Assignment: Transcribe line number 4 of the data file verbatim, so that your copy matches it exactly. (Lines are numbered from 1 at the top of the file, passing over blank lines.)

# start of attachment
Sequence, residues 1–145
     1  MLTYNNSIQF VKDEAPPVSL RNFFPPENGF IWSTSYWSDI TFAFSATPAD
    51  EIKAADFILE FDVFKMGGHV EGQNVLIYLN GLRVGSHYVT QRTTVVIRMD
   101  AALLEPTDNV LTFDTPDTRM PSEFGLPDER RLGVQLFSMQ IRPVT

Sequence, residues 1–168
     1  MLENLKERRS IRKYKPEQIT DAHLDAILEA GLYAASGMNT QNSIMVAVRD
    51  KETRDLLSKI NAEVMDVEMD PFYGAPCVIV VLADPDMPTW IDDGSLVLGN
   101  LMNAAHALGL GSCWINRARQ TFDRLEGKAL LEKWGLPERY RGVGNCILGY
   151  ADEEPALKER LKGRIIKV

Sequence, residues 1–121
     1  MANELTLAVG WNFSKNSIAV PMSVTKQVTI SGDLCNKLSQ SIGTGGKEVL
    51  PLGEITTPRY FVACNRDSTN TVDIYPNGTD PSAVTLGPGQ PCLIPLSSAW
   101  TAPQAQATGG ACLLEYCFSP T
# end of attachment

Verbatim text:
   101  AALLEPTDNV LTFDTPDTRM PSEFGLPDER RLGVQLFSMQ IRPVT